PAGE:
• Morphoeic: similar to Infiltrative BCCs, but they have smaller cell cords that are more angulated and extensively spread across the stroma.
  • Mixed: Composed of nonaggressive and aggressive subtypes of BCCs.

    BCCs can invade adjacent tissues and become ‘locally aggressive’. However, they do not spread to distant parts of the body. 

What are the Causes of Eyelid Basal Cell Carcinoma?

There are risk factors that increase a person's chance of developing cancer but do not necessarily cause cancer directly. It is good to know if you have any risk factors, so that you may discuss them with your health provider and make better health choices.

  • Fair Skin: when a person has less melanin, the skin's pigment, it provides less protection against UV radiation.
  • Gender: the rates of skin cancer have increased in the recent years for men.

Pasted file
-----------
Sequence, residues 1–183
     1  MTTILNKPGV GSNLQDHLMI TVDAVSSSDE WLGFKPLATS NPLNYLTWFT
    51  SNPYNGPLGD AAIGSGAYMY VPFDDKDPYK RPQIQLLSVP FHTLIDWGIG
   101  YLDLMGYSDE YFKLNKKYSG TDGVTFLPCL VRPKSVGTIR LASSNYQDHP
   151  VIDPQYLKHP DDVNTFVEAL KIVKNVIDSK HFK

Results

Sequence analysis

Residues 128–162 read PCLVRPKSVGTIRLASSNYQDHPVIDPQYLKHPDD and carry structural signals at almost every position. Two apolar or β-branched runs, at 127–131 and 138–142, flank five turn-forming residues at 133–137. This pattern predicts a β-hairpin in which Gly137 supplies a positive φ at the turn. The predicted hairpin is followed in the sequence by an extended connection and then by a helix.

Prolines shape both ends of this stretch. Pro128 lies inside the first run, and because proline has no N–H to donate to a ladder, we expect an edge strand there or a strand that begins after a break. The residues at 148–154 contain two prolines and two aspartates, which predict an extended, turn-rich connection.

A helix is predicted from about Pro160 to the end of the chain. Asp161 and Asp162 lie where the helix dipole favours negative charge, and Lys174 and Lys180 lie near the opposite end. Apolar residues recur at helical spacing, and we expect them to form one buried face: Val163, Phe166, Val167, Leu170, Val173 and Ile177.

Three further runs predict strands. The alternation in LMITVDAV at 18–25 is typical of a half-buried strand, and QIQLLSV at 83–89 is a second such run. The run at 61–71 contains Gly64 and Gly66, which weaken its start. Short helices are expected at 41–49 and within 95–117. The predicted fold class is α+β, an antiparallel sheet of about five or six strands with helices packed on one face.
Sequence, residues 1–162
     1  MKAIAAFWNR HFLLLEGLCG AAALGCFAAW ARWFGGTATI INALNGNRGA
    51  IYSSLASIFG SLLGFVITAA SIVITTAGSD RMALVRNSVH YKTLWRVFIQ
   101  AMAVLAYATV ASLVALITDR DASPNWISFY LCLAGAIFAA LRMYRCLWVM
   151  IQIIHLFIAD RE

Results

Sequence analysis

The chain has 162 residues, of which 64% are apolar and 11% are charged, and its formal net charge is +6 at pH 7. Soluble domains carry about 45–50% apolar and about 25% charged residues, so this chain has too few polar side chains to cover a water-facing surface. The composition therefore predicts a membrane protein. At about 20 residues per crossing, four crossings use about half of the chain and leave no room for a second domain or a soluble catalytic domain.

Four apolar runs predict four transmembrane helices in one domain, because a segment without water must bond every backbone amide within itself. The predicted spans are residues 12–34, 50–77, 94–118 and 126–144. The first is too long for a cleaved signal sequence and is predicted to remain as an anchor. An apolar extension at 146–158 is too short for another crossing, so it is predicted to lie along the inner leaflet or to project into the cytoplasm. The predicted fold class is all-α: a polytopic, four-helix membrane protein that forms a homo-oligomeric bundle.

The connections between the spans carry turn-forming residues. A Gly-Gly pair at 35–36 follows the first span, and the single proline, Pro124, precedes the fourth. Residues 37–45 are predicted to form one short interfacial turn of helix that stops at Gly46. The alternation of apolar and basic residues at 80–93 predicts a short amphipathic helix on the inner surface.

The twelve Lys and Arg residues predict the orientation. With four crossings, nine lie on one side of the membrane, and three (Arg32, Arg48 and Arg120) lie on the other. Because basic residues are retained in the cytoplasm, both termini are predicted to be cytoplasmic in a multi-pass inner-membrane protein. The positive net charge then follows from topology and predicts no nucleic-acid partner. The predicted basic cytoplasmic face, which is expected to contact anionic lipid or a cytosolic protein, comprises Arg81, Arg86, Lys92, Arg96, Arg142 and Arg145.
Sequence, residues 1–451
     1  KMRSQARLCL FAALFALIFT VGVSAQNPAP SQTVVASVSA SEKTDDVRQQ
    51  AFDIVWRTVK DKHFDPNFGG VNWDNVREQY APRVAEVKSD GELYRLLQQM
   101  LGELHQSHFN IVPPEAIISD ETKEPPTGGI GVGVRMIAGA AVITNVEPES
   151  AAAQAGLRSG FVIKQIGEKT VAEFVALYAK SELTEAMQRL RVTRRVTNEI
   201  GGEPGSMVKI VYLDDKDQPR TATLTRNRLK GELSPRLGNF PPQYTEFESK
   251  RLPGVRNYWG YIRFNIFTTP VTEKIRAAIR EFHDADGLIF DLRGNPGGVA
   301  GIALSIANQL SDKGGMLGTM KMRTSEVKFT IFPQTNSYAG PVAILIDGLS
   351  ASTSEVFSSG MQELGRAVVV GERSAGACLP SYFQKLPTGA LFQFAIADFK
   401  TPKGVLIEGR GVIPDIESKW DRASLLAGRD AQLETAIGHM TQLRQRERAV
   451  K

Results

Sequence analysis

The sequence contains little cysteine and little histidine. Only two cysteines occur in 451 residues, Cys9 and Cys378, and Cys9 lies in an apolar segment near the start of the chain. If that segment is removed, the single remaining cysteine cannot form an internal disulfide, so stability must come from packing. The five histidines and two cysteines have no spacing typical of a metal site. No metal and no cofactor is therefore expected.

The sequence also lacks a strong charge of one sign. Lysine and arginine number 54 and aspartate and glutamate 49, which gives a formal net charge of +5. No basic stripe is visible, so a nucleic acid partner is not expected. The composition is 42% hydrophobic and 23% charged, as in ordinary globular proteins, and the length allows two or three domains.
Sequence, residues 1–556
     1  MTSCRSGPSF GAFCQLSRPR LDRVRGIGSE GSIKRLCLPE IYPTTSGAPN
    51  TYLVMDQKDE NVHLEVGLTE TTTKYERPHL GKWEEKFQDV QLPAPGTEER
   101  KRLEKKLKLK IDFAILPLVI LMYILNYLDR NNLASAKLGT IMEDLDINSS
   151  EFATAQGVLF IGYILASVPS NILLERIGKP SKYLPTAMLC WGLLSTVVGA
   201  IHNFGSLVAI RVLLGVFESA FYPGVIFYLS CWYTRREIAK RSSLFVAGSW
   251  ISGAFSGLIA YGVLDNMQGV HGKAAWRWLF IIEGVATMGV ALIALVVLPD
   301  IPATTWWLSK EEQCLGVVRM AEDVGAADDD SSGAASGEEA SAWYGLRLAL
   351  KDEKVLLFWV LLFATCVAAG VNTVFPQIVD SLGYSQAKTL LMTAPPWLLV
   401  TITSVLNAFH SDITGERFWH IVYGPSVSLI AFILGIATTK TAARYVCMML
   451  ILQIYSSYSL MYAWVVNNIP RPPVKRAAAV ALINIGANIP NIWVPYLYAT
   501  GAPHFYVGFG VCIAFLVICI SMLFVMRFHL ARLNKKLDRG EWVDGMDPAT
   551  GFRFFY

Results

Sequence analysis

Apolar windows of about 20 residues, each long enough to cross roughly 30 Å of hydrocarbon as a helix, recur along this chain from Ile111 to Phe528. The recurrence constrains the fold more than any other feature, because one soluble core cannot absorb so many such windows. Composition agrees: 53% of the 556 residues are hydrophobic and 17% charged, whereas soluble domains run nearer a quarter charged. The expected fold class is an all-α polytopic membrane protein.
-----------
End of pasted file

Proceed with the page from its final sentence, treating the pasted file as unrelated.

• Age: most basal cancers appear after the age of 50.
  • Exposure to UV radiation: the sun produces two types of UVs: Ultraviolet A (UVA) & Ultraviolet B (UVB). UVB radiation produces sunburns and can be a cause of the development of cancer as it penetrates the skin more deeply.
  • History of sunburn or fragile skin: having various episodes of sunburn or fragile skin from previous injuries or disease has a higher risk for eyelid cancer.
  • Medical history: people with a weak immune system, taking certain medications, or having previous skin cancer can have a higher risk of developing eyelid cancer.

examples of Eyelid Basal Cell Carcinoma